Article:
People and awards of 2016-2017
The Department of AFRE congratulates several faculty who received awards and says goodbye to former faculty members who passed away this year.
June 1, 2017
People and Awards
Bob Myers will be made a fellow of the Agricultural and Applied Economics Association (AAEA) at the annual meetings this summer. Congratulations, Bob!
Jenny Cairns Smart (FSG survey and data analysis adviser) began working as a research analyst in the Development, Strategy and Governance Division of the International Food Policy Research Institute (IFPRI) in November 2016.
Nicole Mason received the MSU 2017 John K. Hudzik Emerging Leader in Advancing International Studies and Programs award in March 2017.
Cloé Garnache was elected to the Environment Science and Protection Program Faculty Advisory Council.
Serge Guigonan Adjognon received the 2016 Best Ph.D. Dissertation award for “Agricultural Finance, Non-Farm Employment, and Rural Poverty: Evidence from Sub-Saharan Africa.” Major professor: Saweda Liverpool-Tasie.
Ashesh Prasann received a 2016 Best Ph.D. Dissertation honorable mention for “Spillover Effects of Public Works on Labor Markets -- Evidence from National Rural Employment Guarantee Scheme, India.” Major professor: Andrew Dillon.
Jongwoo Kim received the 2016 Best M.S. Thesis award for “Fluid Milk Processors Market Power in Korean Dairy Industry: An Application of the Autoregressive Distributed Lag Approach.” Major professor: David Weatherspoon.
Wen Lin, AFRE Ph.D. student, received first place in the 2016-2017 Shao Chang Lee Best Paper Competition, organized by the MSUAsianStudiesCenter, for her work on Chinese online food shopping behavior. Her adviser: David Ortega.
Harold M. Riley, 94, professor emeritus and former department chairperson of AFRE, passed away Jan. 31, 2017, in Clemson, South Carolina. Riley received his Ph.D. in agricultural economics at MSU following service in the U.S. Army during WW II.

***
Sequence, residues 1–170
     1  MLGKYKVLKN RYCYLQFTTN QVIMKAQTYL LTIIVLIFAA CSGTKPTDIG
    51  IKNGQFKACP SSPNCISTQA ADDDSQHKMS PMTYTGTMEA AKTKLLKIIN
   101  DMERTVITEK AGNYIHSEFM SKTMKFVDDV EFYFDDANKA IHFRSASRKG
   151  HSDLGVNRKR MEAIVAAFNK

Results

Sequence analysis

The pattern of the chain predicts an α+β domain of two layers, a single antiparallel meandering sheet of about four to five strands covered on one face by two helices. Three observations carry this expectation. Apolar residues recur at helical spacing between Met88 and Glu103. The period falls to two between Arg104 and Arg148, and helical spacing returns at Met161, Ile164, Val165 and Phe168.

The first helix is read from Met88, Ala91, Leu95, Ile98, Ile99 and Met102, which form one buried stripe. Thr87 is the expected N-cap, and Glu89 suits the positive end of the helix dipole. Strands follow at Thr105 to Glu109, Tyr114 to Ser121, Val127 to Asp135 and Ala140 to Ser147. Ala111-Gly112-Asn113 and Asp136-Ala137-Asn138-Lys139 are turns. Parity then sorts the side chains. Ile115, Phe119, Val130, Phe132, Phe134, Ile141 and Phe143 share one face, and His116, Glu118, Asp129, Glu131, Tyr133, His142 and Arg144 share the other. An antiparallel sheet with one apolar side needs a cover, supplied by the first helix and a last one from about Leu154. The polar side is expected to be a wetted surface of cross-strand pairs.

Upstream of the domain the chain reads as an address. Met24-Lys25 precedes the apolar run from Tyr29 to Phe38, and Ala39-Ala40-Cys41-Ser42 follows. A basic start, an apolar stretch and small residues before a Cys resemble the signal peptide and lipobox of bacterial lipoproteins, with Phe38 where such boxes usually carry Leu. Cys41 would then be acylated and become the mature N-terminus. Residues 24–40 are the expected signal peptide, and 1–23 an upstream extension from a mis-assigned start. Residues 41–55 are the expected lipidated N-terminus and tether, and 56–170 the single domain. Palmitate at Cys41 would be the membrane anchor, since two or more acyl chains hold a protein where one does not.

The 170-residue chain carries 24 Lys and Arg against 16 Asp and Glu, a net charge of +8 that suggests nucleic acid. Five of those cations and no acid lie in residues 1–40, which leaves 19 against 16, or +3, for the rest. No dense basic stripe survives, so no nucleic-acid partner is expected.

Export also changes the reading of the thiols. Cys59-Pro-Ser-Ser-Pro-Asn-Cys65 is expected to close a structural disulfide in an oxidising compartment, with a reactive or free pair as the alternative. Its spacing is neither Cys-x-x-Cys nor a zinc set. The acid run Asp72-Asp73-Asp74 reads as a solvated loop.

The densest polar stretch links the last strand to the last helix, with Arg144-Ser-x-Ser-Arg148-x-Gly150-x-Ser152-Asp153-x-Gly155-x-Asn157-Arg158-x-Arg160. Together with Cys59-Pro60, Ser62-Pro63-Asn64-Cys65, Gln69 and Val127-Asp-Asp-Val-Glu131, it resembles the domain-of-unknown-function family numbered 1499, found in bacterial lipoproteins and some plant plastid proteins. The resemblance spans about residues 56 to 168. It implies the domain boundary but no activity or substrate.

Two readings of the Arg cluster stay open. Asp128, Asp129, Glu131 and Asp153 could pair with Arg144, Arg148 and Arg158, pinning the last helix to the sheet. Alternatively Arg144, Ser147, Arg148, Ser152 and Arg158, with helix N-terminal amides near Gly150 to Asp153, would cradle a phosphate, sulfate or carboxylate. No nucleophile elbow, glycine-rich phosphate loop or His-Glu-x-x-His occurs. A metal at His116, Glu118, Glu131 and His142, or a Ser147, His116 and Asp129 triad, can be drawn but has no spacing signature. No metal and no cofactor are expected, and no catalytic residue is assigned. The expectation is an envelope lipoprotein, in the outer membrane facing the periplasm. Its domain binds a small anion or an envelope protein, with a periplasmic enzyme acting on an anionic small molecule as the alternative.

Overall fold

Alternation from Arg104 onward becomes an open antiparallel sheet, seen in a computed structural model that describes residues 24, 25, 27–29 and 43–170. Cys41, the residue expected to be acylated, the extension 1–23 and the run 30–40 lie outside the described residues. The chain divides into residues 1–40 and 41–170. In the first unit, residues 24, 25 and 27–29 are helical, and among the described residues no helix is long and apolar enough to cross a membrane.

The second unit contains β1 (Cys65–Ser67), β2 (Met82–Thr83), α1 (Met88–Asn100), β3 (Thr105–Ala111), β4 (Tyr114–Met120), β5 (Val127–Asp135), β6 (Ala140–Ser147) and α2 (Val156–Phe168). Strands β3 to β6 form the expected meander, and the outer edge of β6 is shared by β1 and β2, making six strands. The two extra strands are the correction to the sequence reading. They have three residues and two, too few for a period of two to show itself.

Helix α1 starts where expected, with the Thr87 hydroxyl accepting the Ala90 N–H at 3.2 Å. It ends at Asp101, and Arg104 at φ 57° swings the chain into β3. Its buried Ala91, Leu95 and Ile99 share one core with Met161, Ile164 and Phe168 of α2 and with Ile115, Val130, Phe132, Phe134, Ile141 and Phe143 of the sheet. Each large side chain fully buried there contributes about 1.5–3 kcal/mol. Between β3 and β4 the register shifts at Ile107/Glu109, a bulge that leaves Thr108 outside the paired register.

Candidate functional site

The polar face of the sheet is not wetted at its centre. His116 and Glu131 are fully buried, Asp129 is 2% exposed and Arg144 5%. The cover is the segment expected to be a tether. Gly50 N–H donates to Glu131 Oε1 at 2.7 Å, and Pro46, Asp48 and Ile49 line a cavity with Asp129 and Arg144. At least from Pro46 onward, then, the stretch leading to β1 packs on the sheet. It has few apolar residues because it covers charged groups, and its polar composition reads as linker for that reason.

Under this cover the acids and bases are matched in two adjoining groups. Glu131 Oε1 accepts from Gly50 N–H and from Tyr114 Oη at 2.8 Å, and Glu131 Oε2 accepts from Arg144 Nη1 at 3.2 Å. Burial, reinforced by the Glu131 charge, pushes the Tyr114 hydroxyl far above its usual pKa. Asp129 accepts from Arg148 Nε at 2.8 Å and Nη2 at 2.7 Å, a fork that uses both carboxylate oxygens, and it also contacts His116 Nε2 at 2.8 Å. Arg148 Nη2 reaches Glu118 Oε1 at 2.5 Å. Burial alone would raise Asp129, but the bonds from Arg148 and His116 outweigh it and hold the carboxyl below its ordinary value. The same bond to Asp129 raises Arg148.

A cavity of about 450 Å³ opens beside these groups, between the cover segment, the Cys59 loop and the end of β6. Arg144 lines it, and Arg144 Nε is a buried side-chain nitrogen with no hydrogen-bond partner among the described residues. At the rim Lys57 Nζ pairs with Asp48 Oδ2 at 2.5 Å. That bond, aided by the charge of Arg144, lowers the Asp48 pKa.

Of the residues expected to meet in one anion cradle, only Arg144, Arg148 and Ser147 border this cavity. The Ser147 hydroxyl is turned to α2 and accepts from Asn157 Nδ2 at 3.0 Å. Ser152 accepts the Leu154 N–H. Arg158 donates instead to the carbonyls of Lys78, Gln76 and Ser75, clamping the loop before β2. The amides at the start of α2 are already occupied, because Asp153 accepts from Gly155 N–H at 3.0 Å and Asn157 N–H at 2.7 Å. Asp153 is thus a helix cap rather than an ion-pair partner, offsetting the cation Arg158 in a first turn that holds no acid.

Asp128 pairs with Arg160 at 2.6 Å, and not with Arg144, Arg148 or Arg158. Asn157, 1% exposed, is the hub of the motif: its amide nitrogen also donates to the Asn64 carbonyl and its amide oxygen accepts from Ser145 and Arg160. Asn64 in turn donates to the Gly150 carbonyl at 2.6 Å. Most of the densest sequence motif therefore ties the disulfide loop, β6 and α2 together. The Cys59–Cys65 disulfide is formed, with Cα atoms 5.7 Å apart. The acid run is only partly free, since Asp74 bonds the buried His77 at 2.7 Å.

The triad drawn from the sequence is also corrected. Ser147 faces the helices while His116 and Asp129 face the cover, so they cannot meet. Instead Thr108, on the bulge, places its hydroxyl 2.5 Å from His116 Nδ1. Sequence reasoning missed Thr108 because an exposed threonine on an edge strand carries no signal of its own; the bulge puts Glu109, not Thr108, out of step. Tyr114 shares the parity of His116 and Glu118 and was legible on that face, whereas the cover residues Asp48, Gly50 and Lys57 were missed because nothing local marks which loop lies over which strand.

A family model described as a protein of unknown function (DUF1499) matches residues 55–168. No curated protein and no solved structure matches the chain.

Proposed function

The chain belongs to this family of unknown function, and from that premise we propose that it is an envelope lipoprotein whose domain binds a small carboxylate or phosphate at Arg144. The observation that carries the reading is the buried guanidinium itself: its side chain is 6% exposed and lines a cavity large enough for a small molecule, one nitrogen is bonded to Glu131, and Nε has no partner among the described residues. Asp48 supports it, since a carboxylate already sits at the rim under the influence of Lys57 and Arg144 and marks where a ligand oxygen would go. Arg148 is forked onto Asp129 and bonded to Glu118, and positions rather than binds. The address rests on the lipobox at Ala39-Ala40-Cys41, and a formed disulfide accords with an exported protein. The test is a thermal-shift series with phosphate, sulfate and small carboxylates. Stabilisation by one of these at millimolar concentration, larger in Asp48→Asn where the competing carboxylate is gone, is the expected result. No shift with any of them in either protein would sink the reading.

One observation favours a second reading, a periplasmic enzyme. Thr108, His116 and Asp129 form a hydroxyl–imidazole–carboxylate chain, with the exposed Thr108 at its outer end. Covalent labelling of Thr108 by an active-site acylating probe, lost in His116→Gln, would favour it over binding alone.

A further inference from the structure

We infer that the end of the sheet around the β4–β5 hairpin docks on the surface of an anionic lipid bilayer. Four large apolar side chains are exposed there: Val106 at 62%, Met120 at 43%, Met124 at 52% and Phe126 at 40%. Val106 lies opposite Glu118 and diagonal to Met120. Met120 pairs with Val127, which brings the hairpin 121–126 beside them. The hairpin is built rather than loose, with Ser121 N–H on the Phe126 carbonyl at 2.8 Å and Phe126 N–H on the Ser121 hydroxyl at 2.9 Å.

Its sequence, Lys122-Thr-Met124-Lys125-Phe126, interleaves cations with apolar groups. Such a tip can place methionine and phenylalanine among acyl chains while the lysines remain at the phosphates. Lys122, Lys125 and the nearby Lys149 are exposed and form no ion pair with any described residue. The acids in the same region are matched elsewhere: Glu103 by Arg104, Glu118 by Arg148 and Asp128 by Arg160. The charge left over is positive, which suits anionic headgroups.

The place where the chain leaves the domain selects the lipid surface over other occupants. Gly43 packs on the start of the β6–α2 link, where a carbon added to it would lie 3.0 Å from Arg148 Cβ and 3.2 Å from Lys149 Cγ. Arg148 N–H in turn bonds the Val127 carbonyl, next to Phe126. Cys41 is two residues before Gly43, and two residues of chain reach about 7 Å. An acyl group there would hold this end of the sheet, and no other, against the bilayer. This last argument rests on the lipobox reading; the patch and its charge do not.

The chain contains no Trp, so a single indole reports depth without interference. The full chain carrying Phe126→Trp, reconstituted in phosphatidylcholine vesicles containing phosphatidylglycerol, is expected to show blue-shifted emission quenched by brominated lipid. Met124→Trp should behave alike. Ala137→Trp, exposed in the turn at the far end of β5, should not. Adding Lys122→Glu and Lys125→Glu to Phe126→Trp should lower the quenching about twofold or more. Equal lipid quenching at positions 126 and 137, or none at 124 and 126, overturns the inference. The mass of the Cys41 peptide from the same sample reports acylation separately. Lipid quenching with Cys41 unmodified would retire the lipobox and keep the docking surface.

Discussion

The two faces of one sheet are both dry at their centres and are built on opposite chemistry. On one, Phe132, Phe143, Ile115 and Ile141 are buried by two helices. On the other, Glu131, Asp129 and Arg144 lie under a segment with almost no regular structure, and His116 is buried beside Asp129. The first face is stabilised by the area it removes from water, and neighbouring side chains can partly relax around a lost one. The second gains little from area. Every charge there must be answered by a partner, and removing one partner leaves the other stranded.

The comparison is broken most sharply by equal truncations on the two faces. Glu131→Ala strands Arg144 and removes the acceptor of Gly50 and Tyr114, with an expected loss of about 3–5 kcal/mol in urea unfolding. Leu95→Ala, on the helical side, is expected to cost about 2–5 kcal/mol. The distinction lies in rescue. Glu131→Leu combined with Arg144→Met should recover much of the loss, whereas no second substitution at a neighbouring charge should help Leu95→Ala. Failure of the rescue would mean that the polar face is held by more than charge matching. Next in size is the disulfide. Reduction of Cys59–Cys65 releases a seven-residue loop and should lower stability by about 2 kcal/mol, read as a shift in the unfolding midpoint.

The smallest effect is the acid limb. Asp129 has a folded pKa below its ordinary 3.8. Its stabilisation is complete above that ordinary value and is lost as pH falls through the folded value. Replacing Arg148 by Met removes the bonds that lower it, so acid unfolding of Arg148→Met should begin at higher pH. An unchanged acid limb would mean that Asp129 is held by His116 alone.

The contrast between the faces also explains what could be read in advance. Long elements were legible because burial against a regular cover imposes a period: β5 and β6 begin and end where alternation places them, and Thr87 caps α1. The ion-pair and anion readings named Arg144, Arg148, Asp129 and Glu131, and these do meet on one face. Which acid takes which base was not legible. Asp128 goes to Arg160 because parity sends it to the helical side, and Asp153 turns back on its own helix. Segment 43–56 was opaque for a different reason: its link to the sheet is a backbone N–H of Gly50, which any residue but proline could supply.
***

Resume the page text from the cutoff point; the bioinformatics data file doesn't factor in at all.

After graduating from MSU, he was a member of the faculty at Kansas State University in 1948 before returning to join the MSU faculty in 1951. His career at MSU spanned over 35 years, including serving as department chairperson from 1972 through 1978. His research, teaching and outreach focused on improving the performance of agricultural markets and vertical coordination in the food system, both in the United States and in developing countries, especially Latin America. Above all, Riley was a consummate teacher, mentor, gentleman and colleague.
He served as major professor for 54 graduate students, designed and taught a course on the organization and performance of the food system (AEC 841) that remains a core element of AFRE’s graduate program. He mentored and welcomed new faculty members and students in the department, hosted department get-togethers that built social capital and worked closely with colleagues from throughout the world (including a two-year assignment in Colombia with USAID) to design and implement research and outreach aimed at improving food system performance.
In 2002, he was recognized by the Inter American Institute for Agricultural Cooperation as one of the 60 individuals who had made outstanding contributions to the progress of agriculture in the Americas in the previous 60 years. Riley is survived by his wife of 73 years, Dorothy (Dot), who was his partner over many years in making the department a welcoming environment for students and faculty and staff members. More details about Professor Riley’s life and an opportunity to express condolences can be found at:
Allan Schmid, professor emeritus of AFRE, passed away April 5, 2017. Professor Schmid (1935-2017) was a university distinguished professor in AFRE, and his professional career at Michigan State University spanned more than 47 years.
He joined the Agricultural Economics faculty (now AFRE) at MSU in 1959 and retired in 2006. Throughout his career, Professor Schmid examined the nexus between politics and economics. Exploring the effects of institutions as sets of rules, he inquired into what factors shape institutions such as markets and how those institutions shape economic behavior. Through books such as “Property, Power and Public Choice” and many journal articles, he expressed his passion to understand the institutions of social, political and commercial life. His distinguished career was devoted to rigorous theoretical and empirical investigation of institutions using approaches drawn from economics, organization theory, law, political science and cognitive science.
Schmid was named the inaugural fellow of the Institutional and Behavioral Economics Section of the AAEA in 2010. To commemorate Professor Schmid’s teaching excellence and research scholarship, AFRE established the A. Allan Schmid Endowed Fellowship in Institutional Economics through the generosity of Professor Schmid and his students, friends and colleagues. The Schmid Endowed Fellowship will continue to sustain his legacy in AFRE by offering support to graduate students pursuing the study of institutional economics. Donations to the A. Allan Schmid Endowed Fellowship are welcome. More information on Professor Schmid’s life and an opportunity to express condolences can be found at: